or a diesel repair shop, you just get more and deeper sensory stimulation.
And, it can be a safety feature. Like the time on another trip when I said
to myself "hmmm, that smells like hot tire" so I backed off from the truck
ahead. Kablam. Tire shreds.
This morning I got a strong whiff of transmission fluid and backed off the throttle even thought the car ahead was more than 1/4 mile away. Yup. He started weaving and clamored to the side spewing something I didn't want to ride through. Thanks, snout.
Leaving South Dakota, I almost stopped for a rest in the town of Menno, but I realized it would have been a Menno pause, and, well, I just don't have the right plumbing for that ... but wouldn't you know, right after that I was wondering is it hot out here today or is it me? ;)
Small towns are wonderful places to visit. I visited for a couple of hours with a 92 years-of-age (I won't say 'old') woman I had never met but had spoken to several times relaying messages for a mutual friend. So why not stop and say hello. Yes, and why not invite the town newspaper to take a picture of the "motorcycle man from Cal-i-fornia who came to see Elma". Big news in Little Rock (Iowa), but it made us both happy to make a small thing fun.
One dramatic change to the land in the vicinity of the Big Sioux River that borders South Dakota. Trees. West of there, the farms were wide fields with no trees between. East is where trees windbreak the fields and huddle around the houses.
Crossing the Minnesota border I must have missed the sign "There be Bozos here!". Sorry, MN friends, but within a couple of miles the bozo count went from 0 to 3. First was a female of the species. She was approaching and slowing for a left turn. The pickup in front of me slowed and signaled left - so she just went ahead THEN STOPPED dead in the middle of my lane. I saw it early enough. Bozo 2 was a male of the species, also approaching me, who decided he didn't want to drive through the big dust cloud drifting across the road caused by a truck that just pulled into a lot. So he drove in my lane around the cloud. Now remember it is about a minute between these incidents. So my fragility factor was heightened. Bozo 3 was a geezer of the species. I am now on a 4 lane divided highway. He is now approaching me in the left lane of my divided side. I went way wide just in case and saw him catatonically proceed as if ... well, as if.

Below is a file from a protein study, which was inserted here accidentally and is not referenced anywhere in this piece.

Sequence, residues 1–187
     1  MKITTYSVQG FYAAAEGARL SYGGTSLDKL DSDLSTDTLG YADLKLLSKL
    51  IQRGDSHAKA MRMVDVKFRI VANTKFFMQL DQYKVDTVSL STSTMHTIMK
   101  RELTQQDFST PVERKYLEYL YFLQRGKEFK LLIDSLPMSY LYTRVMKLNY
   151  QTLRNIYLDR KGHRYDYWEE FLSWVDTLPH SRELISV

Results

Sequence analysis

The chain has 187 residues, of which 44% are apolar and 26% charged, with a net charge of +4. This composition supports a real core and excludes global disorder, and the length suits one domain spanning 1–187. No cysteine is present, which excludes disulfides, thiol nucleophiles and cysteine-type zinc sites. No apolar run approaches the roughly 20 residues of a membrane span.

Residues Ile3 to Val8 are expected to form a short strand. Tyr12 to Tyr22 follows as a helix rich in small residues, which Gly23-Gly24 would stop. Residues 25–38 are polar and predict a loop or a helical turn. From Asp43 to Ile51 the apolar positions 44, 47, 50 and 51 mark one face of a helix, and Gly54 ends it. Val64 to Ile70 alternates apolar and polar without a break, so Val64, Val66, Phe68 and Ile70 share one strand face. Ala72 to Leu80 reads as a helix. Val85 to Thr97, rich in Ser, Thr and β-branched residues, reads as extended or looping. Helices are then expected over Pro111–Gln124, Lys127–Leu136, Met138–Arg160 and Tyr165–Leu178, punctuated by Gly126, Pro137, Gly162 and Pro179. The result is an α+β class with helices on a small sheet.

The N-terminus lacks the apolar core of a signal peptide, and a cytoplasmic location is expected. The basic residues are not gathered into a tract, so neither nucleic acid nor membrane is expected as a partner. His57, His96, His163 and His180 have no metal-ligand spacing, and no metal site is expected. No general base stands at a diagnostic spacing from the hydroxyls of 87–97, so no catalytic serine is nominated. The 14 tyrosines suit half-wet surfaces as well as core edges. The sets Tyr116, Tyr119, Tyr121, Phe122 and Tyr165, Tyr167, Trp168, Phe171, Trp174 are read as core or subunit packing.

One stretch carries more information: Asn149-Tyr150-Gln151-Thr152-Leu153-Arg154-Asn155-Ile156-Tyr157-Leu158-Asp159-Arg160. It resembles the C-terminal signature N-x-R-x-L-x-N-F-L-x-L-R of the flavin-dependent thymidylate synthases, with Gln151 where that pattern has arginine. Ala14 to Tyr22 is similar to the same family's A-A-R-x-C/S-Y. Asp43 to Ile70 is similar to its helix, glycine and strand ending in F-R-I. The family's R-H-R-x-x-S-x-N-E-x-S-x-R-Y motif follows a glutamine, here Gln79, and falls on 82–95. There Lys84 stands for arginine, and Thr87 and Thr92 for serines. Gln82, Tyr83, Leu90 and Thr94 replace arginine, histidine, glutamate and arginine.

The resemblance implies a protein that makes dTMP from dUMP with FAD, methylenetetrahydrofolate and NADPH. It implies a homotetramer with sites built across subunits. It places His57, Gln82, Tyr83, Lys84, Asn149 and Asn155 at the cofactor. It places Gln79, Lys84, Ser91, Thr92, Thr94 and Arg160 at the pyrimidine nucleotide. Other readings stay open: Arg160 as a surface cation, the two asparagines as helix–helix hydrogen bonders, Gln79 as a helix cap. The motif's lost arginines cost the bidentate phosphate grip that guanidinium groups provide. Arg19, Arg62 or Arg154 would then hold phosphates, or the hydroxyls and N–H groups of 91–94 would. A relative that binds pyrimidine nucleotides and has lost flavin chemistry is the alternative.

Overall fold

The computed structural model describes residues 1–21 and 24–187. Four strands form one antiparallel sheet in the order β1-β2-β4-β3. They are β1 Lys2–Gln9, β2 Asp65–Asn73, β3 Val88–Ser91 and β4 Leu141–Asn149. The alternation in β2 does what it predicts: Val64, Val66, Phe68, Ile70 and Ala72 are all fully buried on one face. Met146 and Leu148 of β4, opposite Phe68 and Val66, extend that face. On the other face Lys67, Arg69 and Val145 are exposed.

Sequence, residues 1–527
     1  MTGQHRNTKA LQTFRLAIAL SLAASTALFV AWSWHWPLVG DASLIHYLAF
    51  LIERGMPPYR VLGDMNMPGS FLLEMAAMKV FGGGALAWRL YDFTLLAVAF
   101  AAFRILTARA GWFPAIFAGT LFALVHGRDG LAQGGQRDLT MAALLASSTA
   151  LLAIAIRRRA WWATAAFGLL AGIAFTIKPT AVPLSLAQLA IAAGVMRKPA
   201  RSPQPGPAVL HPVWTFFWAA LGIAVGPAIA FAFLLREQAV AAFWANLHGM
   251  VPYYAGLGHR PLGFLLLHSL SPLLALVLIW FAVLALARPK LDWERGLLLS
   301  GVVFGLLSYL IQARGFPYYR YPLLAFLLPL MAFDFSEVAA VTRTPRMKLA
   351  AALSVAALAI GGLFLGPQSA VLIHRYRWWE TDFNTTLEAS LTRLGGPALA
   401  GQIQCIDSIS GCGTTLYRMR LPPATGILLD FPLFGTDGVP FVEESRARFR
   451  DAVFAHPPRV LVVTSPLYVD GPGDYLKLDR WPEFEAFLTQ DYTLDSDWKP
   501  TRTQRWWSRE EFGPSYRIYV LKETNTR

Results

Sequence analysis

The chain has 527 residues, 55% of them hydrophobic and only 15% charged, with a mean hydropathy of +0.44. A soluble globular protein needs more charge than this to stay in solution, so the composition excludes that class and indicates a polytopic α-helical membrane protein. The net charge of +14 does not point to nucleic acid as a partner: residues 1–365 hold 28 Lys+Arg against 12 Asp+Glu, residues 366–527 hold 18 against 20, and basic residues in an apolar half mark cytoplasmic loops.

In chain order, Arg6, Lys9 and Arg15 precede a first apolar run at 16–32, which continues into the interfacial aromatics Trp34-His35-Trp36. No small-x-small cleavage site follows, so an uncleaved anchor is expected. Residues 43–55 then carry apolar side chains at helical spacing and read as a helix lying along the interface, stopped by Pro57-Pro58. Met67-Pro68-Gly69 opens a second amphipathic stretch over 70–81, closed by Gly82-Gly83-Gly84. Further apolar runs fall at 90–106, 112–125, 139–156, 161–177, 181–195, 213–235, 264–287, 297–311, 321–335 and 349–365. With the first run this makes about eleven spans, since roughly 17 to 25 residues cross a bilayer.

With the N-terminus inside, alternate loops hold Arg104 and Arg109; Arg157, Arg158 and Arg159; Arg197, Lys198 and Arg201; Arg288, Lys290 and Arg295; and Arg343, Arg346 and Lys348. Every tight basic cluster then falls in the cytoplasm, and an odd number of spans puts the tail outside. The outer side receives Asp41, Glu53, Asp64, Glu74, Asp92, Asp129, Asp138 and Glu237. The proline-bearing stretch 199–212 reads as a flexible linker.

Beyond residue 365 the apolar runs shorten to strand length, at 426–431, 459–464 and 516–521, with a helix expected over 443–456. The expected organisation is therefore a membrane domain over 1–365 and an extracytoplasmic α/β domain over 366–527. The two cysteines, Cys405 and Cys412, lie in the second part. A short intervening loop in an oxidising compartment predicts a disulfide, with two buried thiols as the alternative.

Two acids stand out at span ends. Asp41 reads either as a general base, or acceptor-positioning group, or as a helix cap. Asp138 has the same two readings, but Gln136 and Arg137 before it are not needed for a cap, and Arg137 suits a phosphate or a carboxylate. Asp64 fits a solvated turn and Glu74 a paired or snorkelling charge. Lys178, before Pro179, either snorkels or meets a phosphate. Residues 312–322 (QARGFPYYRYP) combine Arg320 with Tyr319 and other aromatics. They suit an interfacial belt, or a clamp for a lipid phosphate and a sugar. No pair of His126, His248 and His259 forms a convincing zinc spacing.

I haven't actually been counting motorcycles seen, but there have been fewer than I expected. I realize I am riding during 'working hours' for most, but still, I remember only 2 in Utah, a couple in Wyoming, and hardly any since. A few more (mostly Harleys) this close to the parts factory ... but only today I saw my first recognizable Beemer - a red R100. He gave an all fingers wave.
And the birds! I don't know what kind they are but they like to play in the traffic. They cross the road usually in pairs at about 1 foot off the ground, then rapidly change course to go over vehicles or back to their side. I winced a couple of times thinking I would have feathers on my helmet, but they always missed and the Road Kill Cafe does not have fricassee on the menu. I named 'em bouncing birds for the way they play the air currents.
Gotta have a quote! "... the open road is a beckoning, a strangeness,
a place where a man can lose himself."
- William Least Heat Moon, 20th Century American Writer
FuelPlus statistics: 335 miles, 6:26 engine run, 53 mph average
Sam Lepore, San Francisco, 1988 R100RT and 1995 K75RTA